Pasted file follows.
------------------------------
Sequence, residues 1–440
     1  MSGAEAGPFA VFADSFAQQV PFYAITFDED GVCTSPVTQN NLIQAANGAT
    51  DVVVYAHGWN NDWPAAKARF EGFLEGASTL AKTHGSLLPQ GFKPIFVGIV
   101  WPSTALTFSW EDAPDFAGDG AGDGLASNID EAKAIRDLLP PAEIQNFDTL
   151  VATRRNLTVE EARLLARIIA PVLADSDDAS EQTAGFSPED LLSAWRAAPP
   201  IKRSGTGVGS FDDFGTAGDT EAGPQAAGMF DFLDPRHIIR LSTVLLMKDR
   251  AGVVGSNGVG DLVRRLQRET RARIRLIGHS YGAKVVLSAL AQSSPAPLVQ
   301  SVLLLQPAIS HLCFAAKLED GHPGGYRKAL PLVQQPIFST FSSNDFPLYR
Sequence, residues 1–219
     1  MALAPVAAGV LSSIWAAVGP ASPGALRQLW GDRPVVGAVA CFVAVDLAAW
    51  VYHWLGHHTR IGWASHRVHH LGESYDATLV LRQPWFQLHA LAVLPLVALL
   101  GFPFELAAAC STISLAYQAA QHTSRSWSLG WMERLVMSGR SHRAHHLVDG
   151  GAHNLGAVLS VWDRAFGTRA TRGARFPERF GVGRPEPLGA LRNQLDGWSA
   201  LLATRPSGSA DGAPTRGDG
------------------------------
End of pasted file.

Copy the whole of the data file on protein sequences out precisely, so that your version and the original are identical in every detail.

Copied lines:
Sequence, residues 1–440
     1  MSGAEAGPFA VFADSFAQQV PFYAITFDED GVCTSPVTQN NLIQAANGAT
    51  DVVVYAHGWN NDWPAAKARF EGFLEGASTL AKTHGSLLPQ GFKPIFVGIV
   101  WPSTALTFSW EDAPDFAGDG AGDGLASNID EAKAIRDLLP PAEIQNFDTL
   151  VATRRNLTVE EARLLARIIA PVLADSDDAS EQTAGFSPED LLSAWRAAPP
   201  IKRSGTGVGS FDDFGTAGDT EAGPQAAGMF DFLDPRHIIR LSTVLLMKDR
   251  AGVVGSNGVG DLVRRLQRET RARIRLIGHS YGAKVVLSAL AQSSPAPLVQ
   301  SVLLLQPAIS HLCFAAKLED GHPGGYRKAL PLVQQPIFST FSSNDFPLYR
Sequence, residues 1–219
     1  MALAPVAAGV LSSIWAAVGP ASPGALRQLW GDRPVVGAVA CFVAVDLAAW
    51  VYHWLGHHTR IGWASHRVHH LGESYDATLV LRQPWFQLHA LAVLPLVALL
   101  GFPFELAAAC STISLAYQAA QHTSRSWSLG WMERLVMSGR SHRAHHLVDG
   151  GAHNLGAVLS VWDRAFGTRA TRGARFPERF GVGRPEPLGA LRNQLDGWSA
   201  LLATRPSGSA DGAPTRGDG